- Unpaid work requirement: minimum age 16
- For under 18s an offender supervision requirement must be part of the CPO
- The child or young person must consent to the order and each of the requirements
- The CPO can be imposed alongside another order
Six months to three years.
- The supervising officer will meet with the person within five working days of the order being imposed
- Unpaid work or other activity requirements should commence within seven working days
- More specific information (including in respect of young people) can be found in CPO Practice Guidance 2019
Breaches and compliance
- Complying with a CPO is extremely important, with completion rates particularly low for children and young people aged under 18. It is therefore important that barriers to successful compliance are reduced and full explanations are given of the requirements of all such orders and the cost of non-compliance
- Breach of a CPO can result in a child or young person being made subject to a Restricted Movement Requirement (RMR), which must also have a CPO offender supervision requirement running alongside this
- Information on breach proceedings can be found in CPO Practice Guidance 2019
Remittal to Children’s Hearings System (CHS) for disposal
Should a judge or sheriff decide to remit a case back to the CHS for disposal possible outcomes include:
- Discharge of the case – no further action
- Interim Compulsory Supervision Order (section 86 Children’s Hearings (Scotland) Act 2011)
- Compulsory Supervision Order (section 83 Children’s Hearings (Scotland) Act 2011) which can include a Movement Restriction Condition, requiring the child to remain at a specified location for up to 12 hours per day, monitored by an electronic tag
National Outcomes and Standards for Social Work Services in the Criminal Justice System 2010
These standards provide a framework for criminal justice social work practice, including guidance on:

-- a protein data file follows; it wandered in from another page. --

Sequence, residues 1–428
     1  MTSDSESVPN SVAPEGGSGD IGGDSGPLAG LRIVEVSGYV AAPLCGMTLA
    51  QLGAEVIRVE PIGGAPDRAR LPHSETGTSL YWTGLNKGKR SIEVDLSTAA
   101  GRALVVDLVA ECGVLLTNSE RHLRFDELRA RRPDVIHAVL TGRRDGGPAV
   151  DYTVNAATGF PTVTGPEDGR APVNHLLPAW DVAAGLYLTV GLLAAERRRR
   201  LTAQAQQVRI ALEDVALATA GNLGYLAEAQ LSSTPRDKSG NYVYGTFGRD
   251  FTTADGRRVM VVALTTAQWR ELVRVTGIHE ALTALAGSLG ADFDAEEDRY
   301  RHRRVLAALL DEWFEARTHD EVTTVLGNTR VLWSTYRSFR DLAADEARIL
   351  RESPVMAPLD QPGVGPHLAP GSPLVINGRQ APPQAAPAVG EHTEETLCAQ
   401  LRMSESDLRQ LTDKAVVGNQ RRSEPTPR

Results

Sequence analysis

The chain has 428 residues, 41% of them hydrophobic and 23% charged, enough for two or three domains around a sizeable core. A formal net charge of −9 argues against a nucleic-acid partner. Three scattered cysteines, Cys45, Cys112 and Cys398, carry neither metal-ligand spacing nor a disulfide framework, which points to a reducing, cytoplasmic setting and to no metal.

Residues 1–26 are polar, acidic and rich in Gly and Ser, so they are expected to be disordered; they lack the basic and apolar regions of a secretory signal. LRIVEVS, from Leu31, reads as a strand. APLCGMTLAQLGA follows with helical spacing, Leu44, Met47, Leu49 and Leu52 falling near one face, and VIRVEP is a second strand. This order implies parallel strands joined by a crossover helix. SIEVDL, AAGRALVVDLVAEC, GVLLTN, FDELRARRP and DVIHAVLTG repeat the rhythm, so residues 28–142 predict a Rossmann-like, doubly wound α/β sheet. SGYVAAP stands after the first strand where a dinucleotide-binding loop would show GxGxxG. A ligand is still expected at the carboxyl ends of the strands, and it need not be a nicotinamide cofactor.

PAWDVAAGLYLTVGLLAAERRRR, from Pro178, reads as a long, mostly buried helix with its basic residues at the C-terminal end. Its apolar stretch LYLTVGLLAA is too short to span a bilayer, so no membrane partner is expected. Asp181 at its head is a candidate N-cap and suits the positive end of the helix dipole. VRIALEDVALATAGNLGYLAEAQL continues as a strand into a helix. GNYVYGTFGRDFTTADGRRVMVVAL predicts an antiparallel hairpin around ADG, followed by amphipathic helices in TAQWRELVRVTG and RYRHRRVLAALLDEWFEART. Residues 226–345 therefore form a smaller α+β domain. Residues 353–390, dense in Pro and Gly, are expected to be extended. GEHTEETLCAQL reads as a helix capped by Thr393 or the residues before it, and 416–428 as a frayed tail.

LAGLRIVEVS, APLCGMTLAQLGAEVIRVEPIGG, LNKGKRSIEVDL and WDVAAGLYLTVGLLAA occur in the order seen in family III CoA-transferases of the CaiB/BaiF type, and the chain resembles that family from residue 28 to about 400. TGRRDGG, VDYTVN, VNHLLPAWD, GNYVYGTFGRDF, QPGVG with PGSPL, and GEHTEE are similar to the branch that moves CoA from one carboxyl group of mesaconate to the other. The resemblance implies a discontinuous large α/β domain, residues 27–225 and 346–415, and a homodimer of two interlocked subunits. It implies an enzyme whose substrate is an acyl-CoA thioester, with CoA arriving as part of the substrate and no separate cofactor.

- Responsibilities of case managers
- Immediacy and intensity of contact
- Managing compliance
- Principles that should underpin interventions
Third Sector organisations
The support services offered as Community-based disposals may be provided by third sector organisations. These organisations may also be involved in providing court reports.
Resources for this page
- Anti-Social Behaviour etc.(Scotland) Act 2004
- Crime and Disorder Act 1998
- Crime and Punishment (Scotland) Act 1997
- Criminal Procedure (Scotland) Act 1995
- Criminal Justice (Scotland) Act 2003
- Criminal Justice and Licensing (Scotland) Act 2010
- Children’s Hearings (Scotland) Act 2011
- Centre for Youth and Criminal Justice (CYCJ). (2017). Community Payback Orders – Use of unpaid work or other activity. Glasgow: CYCJ.
- Graham, H. and McIvor, G. (2017). Electronic monitoring in the criminal justice system. Glasgow: IRISS.
- Robinson, G., and McNeill, F., (2008) Exploring the dynamics of compliance with community penalties. Theoretical Criminology 12 (4): 431-449.
- Sapouna, M., Bisset, C., Conlong, A. and Matthews, B. (2015). What Works to Reduce Reoffending: A Summary of the Evidence. Edinburgh: Scottish Government.
- Scottish Government. (2010). National Outcomes and Standards for Social Work Services in the Criminal Justice System Criminal: Justice Social Work Reports and Court-Based Services Practice Guidance. Edinburgh: Scottish Government.
- Scottish Government. (2019). Community Payback Orders Practice Guidance. Edinburgh: Scottish Government.
- Scottish Government. (2010). National Outcomes and Standards for Social Work Services in the Criminal Justice System. Edinburgh: Scottish Government.
- Scottish Government. (2011). Drug Treatment and Testing Orders Guidance for Schemes. Edinburgh: Scottish Government.
- Scottish Government. (2014). Intensive Support and Monitoring System: Guidance on the use of Movement Restriction Conditions (MRCs) in the Children’s Hearings System (CHS). Edinburgh: Scottish Government.
- Scottish Government. (2015). Evaluation of Community Payback Orders, Criminal Justice Social Work Reports and the Presumption Against Short Sentences. Edinburgh: Scottish Government.
- Scottish Government. (ND). Electronic Monitoring Interim Guidance. Edinburgh: Scottish Government.
- Simpson, S. and Dyer, F. (2016). Movement Restriction Conditions (MRCs) and Youth Justice In Scotland: Are we there yet? Glasgow: CYCJ.
- Ugwudike, P. and Raynor, P. (eds). (2013). What works in offender compliance: International perspectives and evidence-based practice. Basingstoke: Palgrave Macmillan.
- Vanhaelemeesch, D. (2018). Virtual punishment: the experiences of electronic monitoring. Edinburgh: Families Outside.
- Weaver, B. and Barry, M. (2014). Managing High risk Offenders in the Community: Compliance, Cooperation and Consent in a Culture of Concern. European Journal of Probation 6 (3): 278–295.